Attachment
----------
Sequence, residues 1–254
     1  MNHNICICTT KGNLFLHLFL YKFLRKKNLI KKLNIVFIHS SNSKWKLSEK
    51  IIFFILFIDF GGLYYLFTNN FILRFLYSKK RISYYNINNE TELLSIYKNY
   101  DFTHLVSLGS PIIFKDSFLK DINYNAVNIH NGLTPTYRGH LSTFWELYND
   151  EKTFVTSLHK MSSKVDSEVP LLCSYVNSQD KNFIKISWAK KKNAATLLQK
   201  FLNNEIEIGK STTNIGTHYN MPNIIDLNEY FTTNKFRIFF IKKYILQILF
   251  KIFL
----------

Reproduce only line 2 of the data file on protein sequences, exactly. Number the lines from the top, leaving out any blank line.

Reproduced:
     1  MNHNICICTT KGNLFLHLFL YKFLRKKNLI KKLNIVFIHS SNSKWKLSEK